From Idea to Design – Making Little Houses
Where do you get your creative inspiration for your projects? We do not create in a vacuum because some specific idea is always the spark for our creative designs. I’d like to talk about what inspires me and how I use the inspiration when I create a design for a little house. Here are 3 house projects that were inspired by real houses, but once the little cardboard houses were completed, they became my own unique creations.
Houses for Inspiration for My Cardboard Creations
These are 3 house examples I am going to talk about in this post. The first two are the main ones because they are the ones most recently completed.
Questions to Ask before Making the Design for the House
Ok, so we’ve got photos of these three houses. Here are the types of questions I ask myself:
What goes into the creative design of each?
What appeals to me most about the house?
What draws my eye to this particular house?
What is unique about this house?
Can I replicate the most appealing feature of the house without driving myself crazy? Or will it be too hard? What features are just too hard for me to make? If I eliminate these features, do I lose what makes the house unique in my mind?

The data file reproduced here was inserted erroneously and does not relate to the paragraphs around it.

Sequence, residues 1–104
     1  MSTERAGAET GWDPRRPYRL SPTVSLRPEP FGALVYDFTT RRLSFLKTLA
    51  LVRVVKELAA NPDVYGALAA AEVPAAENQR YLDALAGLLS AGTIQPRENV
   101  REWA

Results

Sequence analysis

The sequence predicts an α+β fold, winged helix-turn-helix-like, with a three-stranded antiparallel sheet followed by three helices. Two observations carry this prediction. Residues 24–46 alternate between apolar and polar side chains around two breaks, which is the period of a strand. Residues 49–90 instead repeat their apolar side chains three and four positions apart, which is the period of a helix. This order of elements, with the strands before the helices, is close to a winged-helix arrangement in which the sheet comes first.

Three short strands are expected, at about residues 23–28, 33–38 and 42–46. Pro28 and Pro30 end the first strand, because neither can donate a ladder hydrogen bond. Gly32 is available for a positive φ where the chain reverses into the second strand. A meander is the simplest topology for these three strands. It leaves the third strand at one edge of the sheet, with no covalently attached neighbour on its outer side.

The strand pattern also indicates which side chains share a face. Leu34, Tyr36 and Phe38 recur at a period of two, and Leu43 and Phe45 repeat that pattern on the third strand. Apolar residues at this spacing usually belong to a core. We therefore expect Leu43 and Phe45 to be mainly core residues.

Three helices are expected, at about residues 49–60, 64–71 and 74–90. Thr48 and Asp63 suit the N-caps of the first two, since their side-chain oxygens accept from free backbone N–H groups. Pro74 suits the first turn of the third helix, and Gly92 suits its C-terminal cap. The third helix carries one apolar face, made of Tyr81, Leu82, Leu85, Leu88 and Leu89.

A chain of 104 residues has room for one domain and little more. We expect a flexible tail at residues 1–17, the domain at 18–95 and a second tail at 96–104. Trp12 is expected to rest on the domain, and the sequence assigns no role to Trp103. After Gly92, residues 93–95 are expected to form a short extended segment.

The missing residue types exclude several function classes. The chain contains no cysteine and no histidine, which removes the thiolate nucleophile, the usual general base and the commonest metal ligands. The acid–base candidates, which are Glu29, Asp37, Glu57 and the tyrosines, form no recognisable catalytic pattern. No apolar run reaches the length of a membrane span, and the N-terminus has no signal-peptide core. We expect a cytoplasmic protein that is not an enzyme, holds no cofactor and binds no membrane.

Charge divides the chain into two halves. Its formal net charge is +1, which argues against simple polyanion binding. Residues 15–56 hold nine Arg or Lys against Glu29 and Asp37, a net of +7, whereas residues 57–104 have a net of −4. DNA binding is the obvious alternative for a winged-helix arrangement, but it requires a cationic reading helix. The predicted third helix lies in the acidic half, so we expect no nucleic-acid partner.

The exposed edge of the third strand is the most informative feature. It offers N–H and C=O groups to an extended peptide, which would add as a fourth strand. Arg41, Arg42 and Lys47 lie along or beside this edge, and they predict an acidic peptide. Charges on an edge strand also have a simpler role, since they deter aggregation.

What features can I eliminate as unnecessary details? And would eliminating them detract from the house I am trying to build?
What do I need to do to make it into a little house that someone would love to have on their mantel, but that is also sturdy and easy to store?
Example No. 1 – Gus the Ghost’s House
One of my friends wanted a little Halloween house last year but couldn’t justify paying $100 for the little house. She told me why the house resonated with her and it was because it reminded her of book she had read as a child – What’s A Ghost Going to Do? by Jane Thayer and illustrated by Seymour Fleishman. It’s about a ghost who leads a happy life in an old run-down house that a family occupies each summer. The family decides that the house is falling apart so it is time to sell and to tear it down. Eventually the house is saved and Gus gets to continue as the resident ghost of the house, now a museum, banging and clanking happily in the attic. When I saw the cover of the book, I knew this would make a great little cardboard house. I actually bought a copy of the book for myself for the inspiration.
So the answers for creating the design for Gus’ house are that 3 features in the front make the house unique to my mind – the cupola on top, the curved dormer below that and the eyebrow arch on the porch roof.
Other features that I think are critical to the design are the aged, multi-colored siding as drawn by Seymour Fleishman, the twin chimneys, and the wraparound porch (which I’ve never done before).
Features I decided to eliminate are the steps (I added only one step) in the front and the double columns. I learned from the Wilkins house that double columns are a serious pain. It’s hard to glue them so that they stand up straight. Just like double windows are a pain. Mostly I make the windows single because I have these great Tim Holtz window dies from the Village dwelling series by Sizzix and one window fits so well with the size of the houses I make, but two together are too big for the scale for most of my houses.